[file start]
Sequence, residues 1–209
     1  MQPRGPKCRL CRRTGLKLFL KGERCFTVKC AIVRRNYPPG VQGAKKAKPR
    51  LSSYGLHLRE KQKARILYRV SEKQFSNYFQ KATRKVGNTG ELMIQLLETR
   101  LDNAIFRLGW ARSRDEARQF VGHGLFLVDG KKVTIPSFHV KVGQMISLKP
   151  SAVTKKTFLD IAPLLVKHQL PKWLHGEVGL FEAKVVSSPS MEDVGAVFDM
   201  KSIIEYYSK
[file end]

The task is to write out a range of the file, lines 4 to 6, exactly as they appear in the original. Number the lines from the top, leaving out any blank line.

   101  LDNAIFRLGW ARSRDEARQF VGHGLFLVDG KKVTIPSFHV KVGQMISLKP
   151  SAVTKKTFLD IAPLLVKHQL PKWLHGEVGL FEAKVVSSPS MEDVGAVFDM
   201  KSIIEYYSK